In a scene such as this the public are left with no choice but either to spoil their vote which is the only democratic right they have, or choose between the devil and the deep blue sea. The justice system together with the Elections Commissioner needs to bring in stronger legislation for a candidate to be nominated. As in other countries there should be a minimum qualification to contest a seat in Parliament, such as financial stability of the individual made available to the Inland Revenue Department and Elections Commissioner, and basic educational qualification required to take oaths as a Member of Parliament or Provincial Council. Education in this country is free and therefore there is no reason why the candidate could not achieve a basic education unless he was involved in thuggery and intimidation, while receiving higher education.

It is a fervent hope, that wrong doers will be brought to justice and the country move forward in peace, unity and stability.

 George Abeywickreme   Via email

The importance of establishing an emergency pool of workers 


In our country, the poor and the middle class are the worst affected and exploited lot who have been constantly penalised with strikes and other service interruptions. In the recent past we were  confronted by strikes by doctors where hospitals were paralysed for several days in many months due to the  SAITM issue.

During the recent fuel scarcity middle class people were compelled to wait in long queues to buy petrol at petrol sheds. It was revealed by a committee appointed by the President that the sole cause for the shortage was the negligible and irresponsible act of the CPC employees.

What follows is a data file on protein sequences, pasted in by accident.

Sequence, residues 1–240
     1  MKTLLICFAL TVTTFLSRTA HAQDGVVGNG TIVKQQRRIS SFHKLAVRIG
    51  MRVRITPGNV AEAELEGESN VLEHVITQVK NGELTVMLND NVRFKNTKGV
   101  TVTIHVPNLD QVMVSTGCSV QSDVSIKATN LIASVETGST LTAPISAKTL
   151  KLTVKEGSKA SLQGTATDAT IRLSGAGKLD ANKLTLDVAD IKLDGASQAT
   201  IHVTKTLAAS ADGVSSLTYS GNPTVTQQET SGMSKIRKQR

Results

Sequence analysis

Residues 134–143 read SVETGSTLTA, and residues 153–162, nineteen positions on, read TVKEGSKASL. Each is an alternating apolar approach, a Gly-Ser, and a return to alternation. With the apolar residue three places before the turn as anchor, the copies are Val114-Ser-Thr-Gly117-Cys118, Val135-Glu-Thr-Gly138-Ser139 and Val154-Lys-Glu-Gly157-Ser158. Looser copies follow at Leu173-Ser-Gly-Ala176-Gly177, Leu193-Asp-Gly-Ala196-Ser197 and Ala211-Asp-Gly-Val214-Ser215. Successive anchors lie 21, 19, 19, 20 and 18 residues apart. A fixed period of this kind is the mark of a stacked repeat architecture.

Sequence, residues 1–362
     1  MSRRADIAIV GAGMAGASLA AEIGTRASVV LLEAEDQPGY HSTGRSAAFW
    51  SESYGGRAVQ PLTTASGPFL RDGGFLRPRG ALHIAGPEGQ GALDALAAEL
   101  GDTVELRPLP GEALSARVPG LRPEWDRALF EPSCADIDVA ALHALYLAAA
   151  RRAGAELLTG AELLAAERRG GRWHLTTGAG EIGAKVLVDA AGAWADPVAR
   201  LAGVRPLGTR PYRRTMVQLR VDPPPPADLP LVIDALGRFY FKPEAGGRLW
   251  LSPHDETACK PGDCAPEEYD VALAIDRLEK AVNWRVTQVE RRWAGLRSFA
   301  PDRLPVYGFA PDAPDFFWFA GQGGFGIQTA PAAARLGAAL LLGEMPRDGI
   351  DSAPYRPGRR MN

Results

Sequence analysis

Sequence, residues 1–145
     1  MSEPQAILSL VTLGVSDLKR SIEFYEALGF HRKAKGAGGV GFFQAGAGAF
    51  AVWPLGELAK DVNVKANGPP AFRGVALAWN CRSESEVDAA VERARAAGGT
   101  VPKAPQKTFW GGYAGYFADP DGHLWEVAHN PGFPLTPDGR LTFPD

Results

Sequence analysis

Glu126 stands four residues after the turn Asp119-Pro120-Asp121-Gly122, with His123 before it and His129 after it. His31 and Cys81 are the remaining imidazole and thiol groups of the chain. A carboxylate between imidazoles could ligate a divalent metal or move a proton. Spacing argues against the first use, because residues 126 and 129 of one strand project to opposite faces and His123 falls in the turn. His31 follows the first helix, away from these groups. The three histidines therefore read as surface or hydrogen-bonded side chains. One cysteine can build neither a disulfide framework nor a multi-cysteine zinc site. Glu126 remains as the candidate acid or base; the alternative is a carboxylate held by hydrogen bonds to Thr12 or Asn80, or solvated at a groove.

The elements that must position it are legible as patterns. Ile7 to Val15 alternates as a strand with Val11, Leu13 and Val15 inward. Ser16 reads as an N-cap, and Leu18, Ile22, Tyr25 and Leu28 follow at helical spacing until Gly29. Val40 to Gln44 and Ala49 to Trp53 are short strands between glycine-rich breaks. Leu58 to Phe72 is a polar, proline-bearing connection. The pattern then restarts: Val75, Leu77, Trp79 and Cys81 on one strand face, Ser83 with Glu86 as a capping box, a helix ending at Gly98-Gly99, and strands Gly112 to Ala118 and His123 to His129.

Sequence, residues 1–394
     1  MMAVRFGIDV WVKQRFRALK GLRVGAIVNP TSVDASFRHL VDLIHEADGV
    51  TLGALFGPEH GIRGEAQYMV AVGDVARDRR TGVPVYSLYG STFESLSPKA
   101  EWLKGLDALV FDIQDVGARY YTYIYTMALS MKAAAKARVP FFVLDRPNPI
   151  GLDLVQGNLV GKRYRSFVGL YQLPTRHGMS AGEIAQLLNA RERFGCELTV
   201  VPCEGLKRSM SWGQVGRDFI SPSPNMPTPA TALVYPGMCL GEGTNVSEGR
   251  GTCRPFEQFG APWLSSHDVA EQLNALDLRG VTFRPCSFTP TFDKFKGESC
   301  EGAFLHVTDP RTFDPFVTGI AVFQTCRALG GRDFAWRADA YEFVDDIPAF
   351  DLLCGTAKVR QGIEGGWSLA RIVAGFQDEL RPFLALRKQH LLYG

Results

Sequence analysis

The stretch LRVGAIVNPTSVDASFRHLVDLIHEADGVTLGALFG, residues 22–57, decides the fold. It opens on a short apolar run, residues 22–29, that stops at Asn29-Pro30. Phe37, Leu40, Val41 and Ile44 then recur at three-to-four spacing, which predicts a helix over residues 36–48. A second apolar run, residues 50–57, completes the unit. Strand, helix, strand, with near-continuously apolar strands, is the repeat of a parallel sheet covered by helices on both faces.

The other was the strike of the Railway engine drivers which lasted for more than six days. Most of the commuters were state employees who use the train service as daily transport. The railway workers were demanding that salary anomalies be rectified with little thought for the train traveller.

The Transport Ministry waited seven days without solving the problem and finally the President intervened and appointed a subcommittee to look into the matter. The matter is now temporarily solved with the  workers returning to work.

These types of strikes create not only inconvenience to  the public but also massive loss to  the country’s economy.

The Govt. also loses its image and reputation as it highlights its inability to avert such a situation. Further, salary anomalies prevail not only for the railway employees but for the other employees too. When the Government rectifies only the salaries of the Railway employees, other govt.employees too would postulate to do the same.